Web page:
14.12.16

BLOG: Turning over an opposition lineout

Article by Jimmy Longbottom

Rugby union can be an odd game at times. The moment-to-moment gameplay of individuals hurling themselves towards each other in pursuit of the ball, the sharp hands and minds of players looking to exploit any gap or split second indecision is frequently interrupted by pauses for set pieces.

The lineout is one such example. Teams regularly utilise this set play as an opportunity to secure a platform to either establish field position or launch an offensive move. However, what happens when possession of the lineout is lost? In this instance the defensive team suddenly has the attacking advantage against an unorganised opposition, set up to be on the offence.

This blog intends to provide an analytical insight into the actions of international rugby union teams, focusing on how they react to the situation of gaining possession directly from the opposition’s lineout, and how they look to exploit this scenario to their own advantage.

Within this article I have focused on the possessions and actions of the world’s top five ranked international teams according to World Rugby in November 2016 (NZ, AUS, ENG, IRE & RSA), analysing events after they had received the ball directly from an opposition’s lineout. This may not refer to a direct lineout steal by an individual; it also includes lineouts that the opposition have lost due to a handling error within the lineout or the lineout being overthrown and will be termed an Opposition Lineout Turnover for the remainder of this blog post.

Causing disruption

Before establishing how teams use the ball from an Opposition Lineout Turnover, it is important to establish which team is the best at causing such an event. It may be unsurprising to learn that the world’s number one ranked team, New Zealand, come out on top.

Over the course of 25 games spanning a 23 month period, New Zealand averaged an Opposition Lineout Turnover every 6.10 lineouts faced, the most frequent of any of the five teams featured within this analysis. In a close second to the All Blacks are England, who forced an Opposition Lineout Turnover every 6.81 lineouts faced.

Perhaps surprisingly it is the Australians who come out fifth when compared to their rivals in this regard. Australia only forced 24 Opposition Lineout Turnovers in their 25 matches, forcing a turnover for every 12.13 lineouts faced. To highlight the deficit in this area, New Zealand forced 27 more Opposition Lineout Turnovers when compared to Australia. Reasons for this are unclear, however Australia often play with Michael Hooper and David Pocock in their back line, with neither renowned for their lineout prowess with just two lineout takes in Super Rugby 2016 between them. New Zealand, however, can call upon Kieran Reid who has 94 international lineout takes and 13 lineout steals in this period.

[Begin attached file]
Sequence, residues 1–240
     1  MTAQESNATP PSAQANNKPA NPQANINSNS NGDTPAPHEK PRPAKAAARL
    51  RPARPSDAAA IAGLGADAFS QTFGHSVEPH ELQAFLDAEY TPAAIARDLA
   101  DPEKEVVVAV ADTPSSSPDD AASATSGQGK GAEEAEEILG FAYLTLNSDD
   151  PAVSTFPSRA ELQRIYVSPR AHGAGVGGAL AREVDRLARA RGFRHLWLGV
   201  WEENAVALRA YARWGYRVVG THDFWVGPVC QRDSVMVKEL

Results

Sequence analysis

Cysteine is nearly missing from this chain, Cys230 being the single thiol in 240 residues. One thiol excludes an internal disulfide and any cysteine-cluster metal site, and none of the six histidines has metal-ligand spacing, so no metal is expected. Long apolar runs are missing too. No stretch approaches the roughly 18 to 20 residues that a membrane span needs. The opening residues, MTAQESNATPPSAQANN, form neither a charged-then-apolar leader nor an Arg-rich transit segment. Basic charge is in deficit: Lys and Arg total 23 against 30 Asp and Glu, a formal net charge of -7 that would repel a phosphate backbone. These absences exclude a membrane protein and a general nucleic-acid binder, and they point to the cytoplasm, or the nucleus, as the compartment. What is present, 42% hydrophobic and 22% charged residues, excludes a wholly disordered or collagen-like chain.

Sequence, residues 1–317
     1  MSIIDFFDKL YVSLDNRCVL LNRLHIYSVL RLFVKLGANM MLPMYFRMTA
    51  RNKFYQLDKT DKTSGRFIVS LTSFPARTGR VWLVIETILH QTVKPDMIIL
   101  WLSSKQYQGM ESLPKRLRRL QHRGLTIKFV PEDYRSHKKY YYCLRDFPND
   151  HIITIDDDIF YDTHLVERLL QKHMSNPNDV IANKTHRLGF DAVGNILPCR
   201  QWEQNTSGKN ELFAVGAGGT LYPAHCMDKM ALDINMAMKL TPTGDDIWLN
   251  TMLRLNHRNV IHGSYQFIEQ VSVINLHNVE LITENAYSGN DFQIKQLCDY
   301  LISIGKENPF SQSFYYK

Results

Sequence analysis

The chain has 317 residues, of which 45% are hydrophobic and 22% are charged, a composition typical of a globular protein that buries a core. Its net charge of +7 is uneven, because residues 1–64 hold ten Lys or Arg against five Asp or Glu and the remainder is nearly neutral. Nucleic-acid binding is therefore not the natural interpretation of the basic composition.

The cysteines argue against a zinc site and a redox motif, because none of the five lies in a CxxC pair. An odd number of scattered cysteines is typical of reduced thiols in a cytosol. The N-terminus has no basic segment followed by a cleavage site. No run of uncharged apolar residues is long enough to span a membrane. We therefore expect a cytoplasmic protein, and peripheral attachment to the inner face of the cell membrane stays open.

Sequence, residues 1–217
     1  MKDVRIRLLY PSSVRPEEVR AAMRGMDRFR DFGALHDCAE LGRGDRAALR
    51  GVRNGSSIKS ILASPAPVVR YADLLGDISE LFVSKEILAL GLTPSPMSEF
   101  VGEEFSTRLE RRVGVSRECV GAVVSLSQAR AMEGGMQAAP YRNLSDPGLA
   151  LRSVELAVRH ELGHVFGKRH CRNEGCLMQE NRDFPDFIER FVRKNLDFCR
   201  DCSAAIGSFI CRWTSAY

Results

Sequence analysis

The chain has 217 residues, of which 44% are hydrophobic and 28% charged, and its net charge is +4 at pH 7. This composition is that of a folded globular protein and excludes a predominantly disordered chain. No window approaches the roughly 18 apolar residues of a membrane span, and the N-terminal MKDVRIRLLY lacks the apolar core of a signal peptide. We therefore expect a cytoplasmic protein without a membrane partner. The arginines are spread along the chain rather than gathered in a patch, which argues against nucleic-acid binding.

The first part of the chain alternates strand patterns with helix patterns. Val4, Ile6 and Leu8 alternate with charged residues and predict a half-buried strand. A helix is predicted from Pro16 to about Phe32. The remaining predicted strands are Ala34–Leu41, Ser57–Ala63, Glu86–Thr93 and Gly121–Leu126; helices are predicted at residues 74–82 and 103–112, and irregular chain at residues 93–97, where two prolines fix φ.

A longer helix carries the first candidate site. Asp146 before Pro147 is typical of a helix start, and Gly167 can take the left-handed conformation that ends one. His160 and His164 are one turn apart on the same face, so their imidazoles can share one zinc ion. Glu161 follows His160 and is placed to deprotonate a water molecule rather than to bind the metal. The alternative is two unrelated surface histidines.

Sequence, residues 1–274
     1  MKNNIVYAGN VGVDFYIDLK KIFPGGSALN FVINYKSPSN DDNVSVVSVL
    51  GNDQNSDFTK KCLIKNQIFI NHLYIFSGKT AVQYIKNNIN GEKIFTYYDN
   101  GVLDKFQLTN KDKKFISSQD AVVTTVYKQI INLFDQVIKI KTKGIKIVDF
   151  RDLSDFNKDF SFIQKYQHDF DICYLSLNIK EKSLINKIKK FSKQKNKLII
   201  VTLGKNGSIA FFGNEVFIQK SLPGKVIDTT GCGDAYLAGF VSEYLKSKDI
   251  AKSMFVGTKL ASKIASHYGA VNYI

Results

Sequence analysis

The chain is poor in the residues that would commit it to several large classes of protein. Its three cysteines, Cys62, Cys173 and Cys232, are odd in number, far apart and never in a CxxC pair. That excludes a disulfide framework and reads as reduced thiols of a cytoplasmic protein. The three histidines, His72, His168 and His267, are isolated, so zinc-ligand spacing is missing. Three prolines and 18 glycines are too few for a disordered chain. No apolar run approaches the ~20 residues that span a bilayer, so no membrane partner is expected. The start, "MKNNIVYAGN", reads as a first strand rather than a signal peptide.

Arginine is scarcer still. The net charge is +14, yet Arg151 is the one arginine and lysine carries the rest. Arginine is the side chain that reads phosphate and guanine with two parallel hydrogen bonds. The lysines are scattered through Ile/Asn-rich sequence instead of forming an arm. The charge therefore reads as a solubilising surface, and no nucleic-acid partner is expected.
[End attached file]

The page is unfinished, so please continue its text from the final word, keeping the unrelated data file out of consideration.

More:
Table 1: Frequency of lineout turnovers

New Zealand England Australia Ireland South Africa
Games played 25 24 25 25 24
Total lineouts faced 31 286 291 314 292
Total opp. Lineout turnovers 51 42 24 39 30
Lineouts faced per lineout turnover 6.10 6.81 12.13 8.05 9.40

Whilst the table above recognises that the All Blacks have been the most prolific team for gaining possession of the ball from an opposition’s throw, the table below looks to establish how each team use the ball in comparison to their rivals.

Table 2: How possessions end after an opposition lineout turnover

New Zealand England Australia Ireland South Africa
Total opposition turnovers 51 42 24 39 30
Total to opposition 23 (45.1%) 13 (30.9%) 8 (33.3%) 13 (33.3%) 11 (36.7%)
Repeat possession 5 (9.8%) 9 (21.4%) 8 (33.3%) 8 (20.5%) 8 (26.7%)
Possession kicked away 14 (27.5%) 17 (40.5%) 4 (16.6%) 17 (43.59%) 7 (23.3%)
Try scored 8 (15.7%) 3 (7.14%) 4 (16.6%) 1 (2.6%) 3 (10%)

*Please note that New Zealand and South Africa are one short in the categories due to the possession ending due to the end of the game rather than a specific action by the team.

 

The results suggest that there could be a divide in tactics between the northern and southern hemispheres. The northern hemisphere teams kick possession away more frequently than their southern hemisphere rivals. Northern hemisphere teams may focus on gaining field position rather than exploiting any defensive weaknesses at the time, as the southern hemisphere sides appear to.